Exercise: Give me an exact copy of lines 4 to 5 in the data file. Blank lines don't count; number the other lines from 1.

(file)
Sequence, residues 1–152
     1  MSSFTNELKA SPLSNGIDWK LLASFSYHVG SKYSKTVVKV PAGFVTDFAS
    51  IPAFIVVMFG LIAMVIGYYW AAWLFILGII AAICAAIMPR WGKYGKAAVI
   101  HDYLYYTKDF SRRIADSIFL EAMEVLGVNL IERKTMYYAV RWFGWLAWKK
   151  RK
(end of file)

   101  HDYLYYTKDF SRRIADSIFL EAMEVLGVNL IERKTMYYAV RWFGWLAWKK
   151  RK